Bloomberg News

Statement by the IMF Mission to Angola (Text)

May 17, 2012

Following is the text of the mission statement from the International Monetary Fund visit to Angola:

Statement at the Conclusion of the 2012 Article IV Consultation and First Post-Program Monitoring in Angola

A staff team from the International Monetary Fund (IMF), led by Mr. Mauro Mecagni, visited Luanda from May 2 to May 17, 2012 to conduct the 2012 Article IV Consultation and First Post-Program Monitoring Mission. During its stay, the mission met with Ministers and other senior government officials[1], and representatives of the banking, business, diplomatic, and academic communities. The mission also had the opportunity to visit the provinces of Kwanza Norte and Malange.

At the end of the mission, Mr. Mecagni issued the following statement:

The Angolan authorities’ stabilization program supported by the 2009-2012 Stand-By Arrangement achieved its key objectives. Three years after the abrupt decline in world oil prices that severely affected its economy, Angola has attained: an improved fiscal position, a more comfortable level of international reserves, a stable exchange rate, and lower inflation. Domestic arrears have been settled. Significant progress has also been made toward improving fiscal transparency and accountability.

“Macroeconomic performance in 2011 was affected by oil production problems. Robust non-oil growth compensated for the oil sector decline, resulting in an overall real growth rate of about 4 percent. Inflation continued its gradual decline, to about 11 percent at the end of the year. The overall fiscal surplus increased to about 10 percent of GDP, in part helped by high oil prices. International reserves came to exceed US$27 billion by the end of the year, a level equivalent of 6 months of 2012 imports.

The pace of economic activity is expected to pick up in 2012, as oil production rebounds. Growth is projected to accelerate to about 8 percent. Economic activity in several sectors is benefitting from a scaling-up of public investment programs and from the settlement of past government arrears. Agricultural output growth is, however, being affected by an ongoing drought. On the policy front, the authorities are working to (i) strengthen the institutional setting for fiscal policies and incorporate the quasi-fiscal operations previously conducted by the state-oil company into the budget; (ii) make further progress in explaining the large cumulative residual in the fiscal accounts for 2007-2010; and (iii) modernize the framework for monetary policy and financial sector stability.

Economic prospects over the next few years remain positive given current projections for oil prices and the strong reform momentum envisaged in the authorities’ medium-term plans. Policymakers in Angola are appropriately focusing on three key issues:

The economy of Angola is subject to uncertainty stemming from oil prices, oil production, and the still evolving institutional setting. These sources of volatility affect budget implementation, and can amplify the negative effects of stops and starts in public investment on the economy. To address this issue, the authorities are strengthening fiscal mechanisms to sustain the hard-won gains in macroeconomic stability and support the implementation of their ambitious development plans.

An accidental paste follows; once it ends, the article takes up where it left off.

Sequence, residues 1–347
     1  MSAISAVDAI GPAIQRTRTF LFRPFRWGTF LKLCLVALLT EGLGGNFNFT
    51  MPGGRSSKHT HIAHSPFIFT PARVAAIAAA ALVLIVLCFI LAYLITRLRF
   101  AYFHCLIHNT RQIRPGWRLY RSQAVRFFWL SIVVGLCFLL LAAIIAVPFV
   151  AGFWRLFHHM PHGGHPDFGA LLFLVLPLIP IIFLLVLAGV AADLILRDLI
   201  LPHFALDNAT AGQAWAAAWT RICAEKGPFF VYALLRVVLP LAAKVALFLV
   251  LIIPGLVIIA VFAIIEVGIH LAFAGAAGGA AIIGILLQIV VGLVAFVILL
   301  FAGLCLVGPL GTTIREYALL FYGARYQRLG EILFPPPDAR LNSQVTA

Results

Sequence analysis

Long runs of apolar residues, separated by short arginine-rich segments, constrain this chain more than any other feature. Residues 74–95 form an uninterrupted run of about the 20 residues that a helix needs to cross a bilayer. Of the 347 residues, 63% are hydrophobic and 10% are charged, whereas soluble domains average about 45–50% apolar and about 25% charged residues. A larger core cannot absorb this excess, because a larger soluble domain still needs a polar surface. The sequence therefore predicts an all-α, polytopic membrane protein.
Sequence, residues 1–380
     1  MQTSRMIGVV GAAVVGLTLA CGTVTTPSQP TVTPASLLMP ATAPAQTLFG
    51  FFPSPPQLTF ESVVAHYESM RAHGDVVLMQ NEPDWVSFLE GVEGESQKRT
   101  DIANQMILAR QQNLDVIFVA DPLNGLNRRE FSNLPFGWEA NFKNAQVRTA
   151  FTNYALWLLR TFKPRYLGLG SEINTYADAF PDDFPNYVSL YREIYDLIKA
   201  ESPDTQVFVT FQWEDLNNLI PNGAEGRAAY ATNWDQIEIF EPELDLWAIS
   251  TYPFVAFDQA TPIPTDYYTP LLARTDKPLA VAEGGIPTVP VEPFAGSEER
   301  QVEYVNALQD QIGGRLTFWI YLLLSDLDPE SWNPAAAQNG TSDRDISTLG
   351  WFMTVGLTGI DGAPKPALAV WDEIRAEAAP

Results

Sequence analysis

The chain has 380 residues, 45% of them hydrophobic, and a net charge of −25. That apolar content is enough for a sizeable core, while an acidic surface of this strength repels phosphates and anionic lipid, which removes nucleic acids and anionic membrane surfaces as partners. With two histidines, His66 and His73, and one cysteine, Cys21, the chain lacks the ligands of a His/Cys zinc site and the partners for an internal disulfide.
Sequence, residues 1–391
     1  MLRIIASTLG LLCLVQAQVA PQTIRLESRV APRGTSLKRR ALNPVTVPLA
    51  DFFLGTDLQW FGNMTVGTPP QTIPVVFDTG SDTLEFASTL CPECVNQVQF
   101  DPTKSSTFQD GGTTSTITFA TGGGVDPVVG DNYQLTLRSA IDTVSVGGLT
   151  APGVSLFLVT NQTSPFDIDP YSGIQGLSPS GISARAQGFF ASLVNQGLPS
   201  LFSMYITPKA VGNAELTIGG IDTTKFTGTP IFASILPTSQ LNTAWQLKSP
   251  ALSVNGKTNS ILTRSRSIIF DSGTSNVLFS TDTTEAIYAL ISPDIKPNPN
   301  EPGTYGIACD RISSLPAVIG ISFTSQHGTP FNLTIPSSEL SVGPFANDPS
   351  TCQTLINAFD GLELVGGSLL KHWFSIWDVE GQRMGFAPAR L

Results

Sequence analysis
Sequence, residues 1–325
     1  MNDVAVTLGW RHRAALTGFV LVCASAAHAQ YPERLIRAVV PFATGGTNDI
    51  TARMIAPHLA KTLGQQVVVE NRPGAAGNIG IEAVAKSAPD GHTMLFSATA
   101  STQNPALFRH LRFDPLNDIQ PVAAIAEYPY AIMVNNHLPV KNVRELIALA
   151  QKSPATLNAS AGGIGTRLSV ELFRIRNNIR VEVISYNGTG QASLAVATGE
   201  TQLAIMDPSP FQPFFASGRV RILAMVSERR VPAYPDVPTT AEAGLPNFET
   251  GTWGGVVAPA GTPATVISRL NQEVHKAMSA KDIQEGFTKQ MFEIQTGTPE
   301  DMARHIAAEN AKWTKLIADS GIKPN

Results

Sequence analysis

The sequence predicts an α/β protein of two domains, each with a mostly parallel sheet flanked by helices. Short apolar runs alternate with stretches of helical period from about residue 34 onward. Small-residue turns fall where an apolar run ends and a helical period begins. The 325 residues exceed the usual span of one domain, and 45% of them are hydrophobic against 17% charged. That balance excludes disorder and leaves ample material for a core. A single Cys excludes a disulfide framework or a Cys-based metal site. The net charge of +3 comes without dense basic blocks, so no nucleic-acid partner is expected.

The new foreign exchange law for oil companies will involve the shift of a large share of their financial transactions from offshore to domestic banks. This is expected to increase the scope for domestic financial intermediation and serve as a channel to promote increased competition and financial innovation. However, it may also result in a rapid expansion of banks’ balance sheets. In order for the process of financial deepening to be sustainable, a significant strengthening of prudential supervision is advisable prior to the gradual implementation of the law.

Building on existing efforts, economic policies need to continue enabling the structural transformation and diversification of the economy. To unlock Angola’s vast economic potential and build momentum for inclusive growth, the authorities are encouraged to pursue policies that will bring about (i) further improvements in human and physical capital, by continuing to rebalance budget allocations toward social program and infrastructure investment; (ii) a continued decline in inflation; and (iii) a decisive improvement in the business environment and lower production and distribution costs, to enable a greater private sector contribution to economic development.

Over the next few years, the authorities will need to address these issues against a global backdrop that is improving but where downside risks remain elevated. Several advanced economies are experiencing lower growth as a result of fiscal consolidation and bank deleveraging. These developments could indirectly affect Angola through lower export demand and increased investor risk aversion. In this context, the Angolan authorities recognize the need to balance a judicious scaling-up of public investment against the advisable accumulation of additional fiscal and reserves buffers.

The IMF team takes this opportunity to thank the Angolan authorities for the excellent cooperation extended throughout the mission.

SOURCE: International Monetary Fund


To contact the reporter on this story:
Ainhoa Goyeneche in Washington at  agoyenechecu@bloomberg.net

To contact the editor responsible for this story:
Marco Babic at  mbabic@bloomberg.net




Coke's Big Fat Problem
LIMITED-TIME OFFER SUBSCRIBE NOW

(enter your email)
(enter up to 5 email addresses, separated by commas)

Max 250 characters

 
blog comments powered by Disqus